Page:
Never Keep the Front in the Front

published on January 1, 2012 in technical

I have read an article a few days back, which states that PHP developers should work with frontend developers, how they should help them.

The article that got my attention, was this: Keep the Front in the Front, written by Rachel Andrew. There are a few thought that I think might be considerred, but I disaggree with the most of them.

1. HTML in AJAX response

This is something I strongly dissaggree with. I think that AJAX is for getting data from the server, not HTML markup. If one need HTML, then he should put it together. after the data has arrived from the server.

There is one exception to this ruke, which gets to be used when you want Google to crawl those AJAX call URLs, too. Then, that URL should be capable of sending HTML to Google, in some cases. But this a bit more complicated, I do not consider this a very good way of building my applications, thus I do not use it.

2. Familiar templating syntax

I read another very interesting advice in the above article. Rachel says that we PHP guys (that is just a part of me!) should use some simple, easy to use templating system so the frontend guys could understand it. I gave this article a few days to settle, but I still find this harsh. PHP short tags, or normal tags, echo-ing variables the short way, or the long way, or any other PHP struncture that is built for PHP to have a strong templating engine, are quite easy to understand. On one hand.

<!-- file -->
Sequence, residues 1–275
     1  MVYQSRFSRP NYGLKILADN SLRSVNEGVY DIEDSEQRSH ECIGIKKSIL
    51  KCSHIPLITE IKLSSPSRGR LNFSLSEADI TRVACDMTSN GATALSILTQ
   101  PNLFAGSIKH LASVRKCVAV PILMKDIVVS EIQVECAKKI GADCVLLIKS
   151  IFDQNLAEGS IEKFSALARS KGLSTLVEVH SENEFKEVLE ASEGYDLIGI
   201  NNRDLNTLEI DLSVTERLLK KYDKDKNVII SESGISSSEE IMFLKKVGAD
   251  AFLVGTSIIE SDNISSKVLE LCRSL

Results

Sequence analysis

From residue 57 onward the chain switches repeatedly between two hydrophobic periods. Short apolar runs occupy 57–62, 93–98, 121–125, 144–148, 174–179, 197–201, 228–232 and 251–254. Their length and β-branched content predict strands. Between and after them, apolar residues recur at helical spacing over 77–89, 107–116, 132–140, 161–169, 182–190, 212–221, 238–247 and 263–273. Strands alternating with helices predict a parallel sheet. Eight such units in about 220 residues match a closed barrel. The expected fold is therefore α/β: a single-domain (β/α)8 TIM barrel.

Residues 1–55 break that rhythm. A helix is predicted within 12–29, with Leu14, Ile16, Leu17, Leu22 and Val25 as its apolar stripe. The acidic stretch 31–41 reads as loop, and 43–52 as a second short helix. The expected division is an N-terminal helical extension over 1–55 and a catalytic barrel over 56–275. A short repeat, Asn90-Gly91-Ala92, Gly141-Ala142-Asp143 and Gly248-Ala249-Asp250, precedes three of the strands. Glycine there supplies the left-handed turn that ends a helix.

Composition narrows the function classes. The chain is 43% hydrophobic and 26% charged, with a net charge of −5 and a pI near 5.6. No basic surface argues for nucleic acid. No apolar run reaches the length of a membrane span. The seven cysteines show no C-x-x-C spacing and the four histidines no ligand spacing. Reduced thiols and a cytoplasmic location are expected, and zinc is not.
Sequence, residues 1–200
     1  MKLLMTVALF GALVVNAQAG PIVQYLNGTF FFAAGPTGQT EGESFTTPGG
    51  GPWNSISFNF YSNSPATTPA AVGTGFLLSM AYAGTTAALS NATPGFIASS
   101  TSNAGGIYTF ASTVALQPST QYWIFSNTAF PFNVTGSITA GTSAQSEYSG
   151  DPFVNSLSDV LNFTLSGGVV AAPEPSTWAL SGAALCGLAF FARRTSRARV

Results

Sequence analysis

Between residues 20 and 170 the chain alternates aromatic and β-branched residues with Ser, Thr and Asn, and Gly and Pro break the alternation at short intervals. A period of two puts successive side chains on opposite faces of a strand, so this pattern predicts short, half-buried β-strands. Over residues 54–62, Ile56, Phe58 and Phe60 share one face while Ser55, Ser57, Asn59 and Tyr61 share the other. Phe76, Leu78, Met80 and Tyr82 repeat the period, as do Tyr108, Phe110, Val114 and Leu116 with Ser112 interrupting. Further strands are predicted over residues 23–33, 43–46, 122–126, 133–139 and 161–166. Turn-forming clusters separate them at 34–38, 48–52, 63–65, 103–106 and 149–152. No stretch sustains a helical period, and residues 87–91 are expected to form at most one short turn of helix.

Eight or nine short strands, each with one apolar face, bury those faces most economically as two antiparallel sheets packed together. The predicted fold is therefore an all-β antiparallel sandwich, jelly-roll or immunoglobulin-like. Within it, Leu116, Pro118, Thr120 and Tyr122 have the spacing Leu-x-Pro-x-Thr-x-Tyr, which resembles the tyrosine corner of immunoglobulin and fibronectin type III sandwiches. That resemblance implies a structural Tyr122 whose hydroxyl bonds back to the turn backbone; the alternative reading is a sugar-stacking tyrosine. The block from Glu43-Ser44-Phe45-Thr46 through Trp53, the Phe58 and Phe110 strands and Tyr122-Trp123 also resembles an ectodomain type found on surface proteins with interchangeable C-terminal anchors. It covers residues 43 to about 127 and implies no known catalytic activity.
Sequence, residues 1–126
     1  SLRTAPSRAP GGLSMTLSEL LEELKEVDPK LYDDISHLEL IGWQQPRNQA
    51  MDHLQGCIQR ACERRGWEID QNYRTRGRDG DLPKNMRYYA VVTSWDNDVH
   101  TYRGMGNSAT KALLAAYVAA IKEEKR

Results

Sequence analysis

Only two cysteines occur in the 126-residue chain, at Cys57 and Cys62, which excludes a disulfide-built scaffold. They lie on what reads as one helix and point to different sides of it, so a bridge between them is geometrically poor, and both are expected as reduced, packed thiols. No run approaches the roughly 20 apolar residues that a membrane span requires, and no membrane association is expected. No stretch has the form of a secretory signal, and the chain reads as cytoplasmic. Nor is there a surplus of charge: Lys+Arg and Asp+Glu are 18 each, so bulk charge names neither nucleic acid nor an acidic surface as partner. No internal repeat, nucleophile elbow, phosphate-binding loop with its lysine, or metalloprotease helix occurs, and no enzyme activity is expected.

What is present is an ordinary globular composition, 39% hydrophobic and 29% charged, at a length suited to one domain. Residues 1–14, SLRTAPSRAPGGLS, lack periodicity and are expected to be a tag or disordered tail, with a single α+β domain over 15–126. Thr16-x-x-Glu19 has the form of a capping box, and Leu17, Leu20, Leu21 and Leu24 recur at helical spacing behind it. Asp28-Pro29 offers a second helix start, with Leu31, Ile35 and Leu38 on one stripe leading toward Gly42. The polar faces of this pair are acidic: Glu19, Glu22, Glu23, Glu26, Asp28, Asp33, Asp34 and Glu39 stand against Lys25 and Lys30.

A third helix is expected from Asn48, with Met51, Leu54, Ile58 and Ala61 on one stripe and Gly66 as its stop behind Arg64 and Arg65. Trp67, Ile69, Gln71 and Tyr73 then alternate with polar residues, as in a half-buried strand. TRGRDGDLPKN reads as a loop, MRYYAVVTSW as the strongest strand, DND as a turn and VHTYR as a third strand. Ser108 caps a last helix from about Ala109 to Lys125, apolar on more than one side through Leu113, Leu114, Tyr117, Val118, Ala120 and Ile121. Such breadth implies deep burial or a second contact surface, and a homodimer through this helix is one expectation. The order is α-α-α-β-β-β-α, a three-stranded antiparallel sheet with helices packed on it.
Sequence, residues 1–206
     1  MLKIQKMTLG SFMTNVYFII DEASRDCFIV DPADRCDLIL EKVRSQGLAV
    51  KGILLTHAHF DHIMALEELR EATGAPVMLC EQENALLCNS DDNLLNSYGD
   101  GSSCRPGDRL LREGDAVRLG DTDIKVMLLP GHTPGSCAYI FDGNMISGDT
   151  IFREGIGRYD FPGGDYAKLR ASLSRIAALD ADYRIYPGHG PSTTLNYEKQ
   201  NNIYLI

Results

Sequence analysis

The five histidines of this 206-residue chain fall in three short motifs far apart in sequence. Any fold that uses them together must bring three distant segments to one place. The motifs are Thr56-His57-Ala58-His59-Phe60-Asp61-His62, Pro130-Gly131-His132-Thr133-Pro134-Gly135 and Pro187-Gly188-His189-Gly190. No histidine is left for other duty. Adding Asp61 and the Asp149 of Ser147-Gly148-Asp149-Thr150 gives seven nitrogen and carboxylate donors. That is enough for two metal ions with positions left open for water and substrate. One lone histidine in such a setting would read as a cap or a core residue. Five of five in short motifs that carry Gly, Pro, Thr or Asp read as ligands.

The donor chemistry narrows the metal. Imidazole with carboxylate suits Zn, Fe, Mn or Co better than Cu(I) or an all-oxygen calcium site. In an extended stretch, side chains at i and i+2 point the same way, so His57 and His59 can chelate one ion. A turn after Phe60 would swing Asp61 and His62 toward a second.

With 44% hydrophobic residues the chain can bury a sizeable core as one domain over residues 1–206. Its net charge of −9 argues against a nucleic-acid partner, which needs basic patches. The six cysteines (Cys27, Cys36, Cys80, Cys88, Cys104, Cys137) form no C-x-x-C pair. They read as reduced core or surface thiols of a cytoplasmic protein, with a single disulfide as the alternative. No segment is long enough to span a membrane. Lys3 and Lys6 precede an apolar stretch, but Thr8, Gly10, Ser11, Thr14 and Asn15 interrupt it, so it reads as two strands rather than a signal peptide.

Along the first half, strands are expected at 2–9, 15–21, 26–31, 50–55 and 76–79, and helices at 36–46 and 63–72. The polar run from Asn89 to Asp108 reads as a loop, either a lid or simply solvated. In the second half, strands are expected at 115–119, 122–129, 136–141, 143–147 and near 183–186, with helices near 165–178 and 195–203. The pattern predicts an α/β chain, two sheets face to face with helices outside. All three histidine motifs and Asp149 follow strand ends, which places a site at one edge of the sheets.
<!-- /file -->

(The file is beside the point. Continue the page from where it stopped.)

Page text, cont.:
On the other hand, where is the teamwork here? The PHP guy writes something, hidden from the frontend guy. Then, the latter one, builds something upon that. These are people we are talking about. Make them talk. Make them meet. If they don't, or do not want to, fire them, get some real developers to work for you.

As a note to the above: great ideas are born in conversations, while communicating. Not while coding.

3. We are all web developers

As I said many times, I don't think that fontend and backend should be so far from eachother. We are building the same applications, for the same users. Our goals meet in the browser. We might not think the same, but we must work together. As a real team.